Information on the accuracy of speed cameras in highway construction zones is now accessible to the public online, the Maryland State Highway Administration announced Thursday.
The announcement follows reports of inaccuracies in the cameras in Baltimore city and Baltimore County.
Calibration certifications and daily verification tests by camera operators are available at www.safezones.maryland.gov.
“It is important that people have confidence in the accuracy and validity of the equipment and fairness of the SafeZones program,” Col. Marcus Brown, Maryland State Police superintendent, said in a statement.
“We wanted to clarify some things about the program, because there has been some wrong information out there,” said Lora Rakowski, spokeswoman for SHA. “Local programs are different than the state program, and we wanted to distinguish that.”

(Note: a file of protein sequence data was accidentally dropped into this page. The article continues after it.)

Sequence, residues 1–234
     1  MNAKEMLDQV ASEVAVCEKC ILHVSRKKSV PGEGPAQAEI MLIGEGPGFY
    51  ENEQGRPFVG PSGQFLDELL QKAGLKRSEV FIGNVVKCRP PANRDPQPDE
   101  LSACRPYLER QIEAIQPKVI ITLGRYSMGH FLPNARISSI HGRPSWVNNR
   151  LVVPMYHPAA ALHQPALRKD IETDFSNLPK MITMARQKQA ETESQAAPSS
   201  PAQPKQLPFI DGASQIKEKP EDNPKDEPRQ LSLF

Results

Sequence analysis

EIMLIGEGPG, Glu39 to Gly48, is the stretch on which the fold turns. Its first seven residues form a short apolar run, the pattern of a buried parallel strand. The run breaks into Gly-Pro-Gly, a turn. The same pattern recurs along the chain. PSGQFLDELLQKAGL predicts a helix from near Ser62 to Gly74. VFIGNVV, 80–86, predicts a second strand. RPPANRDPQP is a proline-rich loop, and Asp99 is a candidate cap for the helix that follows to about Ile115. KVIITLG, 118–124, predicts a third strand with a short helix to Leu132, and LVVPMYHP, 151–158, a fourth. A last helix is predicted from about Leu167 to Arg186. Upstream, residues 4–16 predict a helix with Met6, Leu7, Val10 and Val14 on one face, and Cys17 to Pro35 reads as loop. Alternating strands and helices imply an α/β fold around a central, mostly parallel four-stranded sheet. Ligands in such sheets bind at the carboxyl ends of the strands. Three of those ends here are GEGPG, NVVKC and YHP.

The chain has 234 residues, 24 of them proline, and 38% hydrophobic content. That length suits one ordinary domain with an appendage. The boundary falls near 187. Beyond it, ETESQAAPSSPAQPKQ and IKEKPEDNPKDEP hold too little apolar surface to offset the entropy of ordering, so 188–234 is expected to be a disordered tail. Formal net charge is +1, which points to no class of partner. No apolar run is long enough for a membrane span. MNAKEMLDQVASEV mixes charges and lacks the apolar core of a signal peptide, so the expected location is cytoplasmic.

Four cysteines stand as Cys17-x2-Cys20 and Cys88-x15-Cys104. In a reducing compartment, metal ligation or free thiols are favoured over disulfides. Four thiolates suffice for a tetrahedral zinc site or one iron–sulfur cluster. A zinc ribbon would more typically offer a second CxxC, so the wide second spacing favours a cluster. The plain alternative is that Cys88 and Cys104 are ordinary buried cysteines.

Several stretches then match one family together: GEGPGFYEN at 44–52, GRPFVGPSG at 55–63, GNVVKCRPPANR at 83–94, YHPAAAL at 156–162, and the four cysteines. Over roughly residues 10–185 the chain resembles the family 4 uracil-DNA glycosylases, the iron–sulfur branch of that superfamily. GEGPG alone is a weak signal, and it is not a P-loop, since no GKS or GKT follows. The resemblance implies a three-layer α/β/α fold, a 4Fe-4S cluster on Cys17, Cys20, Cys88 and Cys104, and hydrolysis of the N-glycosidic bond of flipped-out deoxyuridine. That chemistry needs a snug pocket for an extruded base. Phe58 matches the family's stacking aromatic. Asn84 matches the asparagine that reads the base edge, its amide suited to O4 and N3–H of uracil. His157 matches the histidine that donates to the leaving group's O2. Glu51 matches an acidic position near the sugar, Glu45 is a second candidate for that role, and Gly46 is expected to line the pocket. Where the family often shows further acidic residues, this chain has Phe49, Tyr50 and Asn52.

On Wednesday, two workers were killed when a driver veered into a work zone on U.S. Route 40 near the town of North East. There was no speed camera in the accident area; the work zone would not have qualified for one under the law because Route 40 is not an expressway, Rakowski said.
In a statement, Melinda B. Peters, the state highway administrator, said statistics prove that the SafeZones cameras are getting motorists to slow in highway construction areas.
“Lower speeds have reduced the number of work zone crashes and injuries,” she said.
–– Holly Nunn